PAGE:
Claim: Same-Sex Marriage Is A “New Right”
Riffing on the claim that “marriage” only means — and has only ever meant — a man and a woman, Utah also argued that same-sex marriage is a “new right,” not the same “fundamental right” to marry that courts have previously affirmed. Comparing this case to Loving v. Virginia, which addressed the question of interracial marriage, Shelby noted that the right to marry includes the right to choose who to marry. Same-sex couples, he concluded, are seeking “the same right that is currently enjoyed by heterosexual individuals: the right to make a public commitment to form an exclusive relationship and create a family with a partner with whom the person shares an intimate and sustaining emotional bond.” Given that straight people are as unlikely to exercise the right to marry someone of the same-sex as gay people are to marry someone of the opposite-sex, both are “therefore simply manifestations of one right — the right to marry — applied to people with different sexual identities.”
Shelby couched this conclusion in his observation that much has been learned about homosexuality and the experience of people with same-sex orientations, which must be properly contextualized:
While it was assumed until recently that a person could only share an intimate emotional bond and develop a family with a person of the opposite sex, the realization that this assumption is false does not change the underlying right. It merely changes the result when the court applies that right to the facts before it. Applying that right to these Plaintiffs, the court finds that the Constitution protects their right to marry a person of the same sex to the same degree that the Constitution protects the right of heterosexual individuals to marry a person of the opposite sex.
In other words, there is no such thing as “gay marriage” or “straight marriage”; there is only marriage.
Claim: Tradition And History Have Always Recognized Marriage As Between One Man And One Woman
Shelby was quick to brush off the suggestion that historic understandings of marriage had any relevance in this decision. Referring to the Supreme Court’s decision in Lawrence v. Texas, which overturned laws criminalizing same-sex sexual relations (“sodomy laws”), he noted that the equal protection clauses in the Constitution did not specify which identities were protected and which were not:
Here, it is not the Constitution that has changed, but the knowledge of what it means to be gay or lesbian. The court cannot ignore the fact that the Plaintiffs are able to develop a committed, intimate relationship with a person of the same sex but not with a person of the opposite sex. The court, and the State, must adapt to this changed understanding.
This assertion carries some of the same weight that a “heightened scrutiny” review would have: people with same-sex orientations exist, have a distinct place in society, and must be provided the same protections under the law in a context that fits those experiences.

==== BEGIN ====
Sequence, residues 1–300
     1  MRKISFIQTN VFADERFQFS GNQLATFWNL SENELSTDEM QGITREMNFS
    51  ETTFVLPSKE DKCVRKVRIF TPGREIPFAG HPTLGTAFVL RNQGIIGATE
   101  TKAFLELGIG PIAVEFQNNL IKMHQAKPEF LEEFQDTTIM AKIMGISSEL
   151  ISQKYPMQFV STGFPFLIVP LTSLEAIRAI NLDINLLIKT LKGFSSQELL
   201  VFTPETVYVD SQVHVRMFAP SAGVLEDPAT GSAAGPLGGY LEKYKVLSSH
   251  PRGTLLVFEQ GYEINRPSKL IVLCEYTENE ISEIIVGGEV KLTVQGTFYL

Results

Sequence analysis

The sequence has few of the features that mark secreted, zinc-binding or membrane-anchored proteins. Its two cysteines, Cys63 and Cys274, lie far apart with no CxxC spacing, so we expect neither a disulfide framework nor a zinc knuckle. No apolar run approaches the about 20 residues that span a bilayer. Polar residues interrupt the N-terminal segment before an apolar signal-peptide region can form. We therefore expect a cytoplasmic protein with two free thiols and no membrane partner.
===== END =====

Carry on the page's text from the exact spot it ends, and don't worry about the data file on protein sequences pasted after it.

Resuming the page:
Claim: Prohibiting Same-Sex Marriage Does Not Discriminate On The Basis Of Sex
In addition to arguing that the marriage amendment discriminates on the basis of sexual orientation, the plaintiffs also made the case that it discriminates on the basis of sex, because it prohibits a man from marrying another man but not from marrying a woman. The state replied that it does not discriminate as such because both sexes are equally prohibited from marrying the same-sex. Judge Shelby was not convinced by this claim, because the exact same argument failed when used in Loving to defend a ban on interracial marriage:
In Loving, Virginia argued that its anti-miscegenation laws did not discriminate based on race because the prohibition against mixed-race marriage applied equally to both white and black citizens. The Court found that “the fact of equal application does not immunize the statute from the very heavy burden of justification which the Fourteenth Amendment has traditionally required of state statutes drawn according to race.” Applying the same logic, the court finds that the fact of equal application to both men and women does not immunize Utah’s Amendment 3 from the heightened burden of justification that the Fourteenth Amendment requires of state laws drawn according to sex.
Because the amendment fails even on rational basis review, Shelby did not actually apply this consideration; he was simply making the point that he could have.
Claim: The Amendment Was Not Passed Out Of Animus Against Same-Sex Couples
Plaintiffs also argued that citizens voted for Amendment 3 “out of a dislike of gay and lesbian individuals,” and Shelby stopped short of agreeing with this, because “it is impossible to determine what was in the mind of each individual voter.” Nevertheless, he did conclude that the only purpose of Amendment 3 could have been to “impose inequality” upon same-sex couples:
First, the avowed purpose and practical effect of Amendment 3 is to deny the responsibilities and benefits of marriage to same-sex couples, which is another way of saying that the law imposes inequality. Indeed, Amendment 3 went beyond denying gay and lesbian individuals the right to marry and held that no domestic union could be given the same or substantially equivalent legal effect as marriage. This wording suggests that the imposition of inequality was not merely the law’s effect, but its goal.
Second, Amendment 3 has an unusual character when viewed within the historical context in which it was passed. Even though Utah already had statutory provisions that restricted marriage to opposite-sex couples, the State nevertheless passed a constitutional amendment t codify this prohibition. This action is only logical when viewed against the developments in Massachusetts, whose Supreme Court held in 2003 that the Massachusetts Constitution required the recognition of same-sex marriages. The Utah legislature believed that a constitutional amendment was necessary to maintain Utah’s ban on same-sex marriage because of the possibility that a Utah court would adopt reasoning similar to the Massachusetts Supreme Court and hold that the Utah Constitution already protected an individual’s right to marry a same-sex partner. Amendment 3 thereby preemptively denied rights to gay and lesbian citizens of Utah that they may have already had under the Utah Constitution.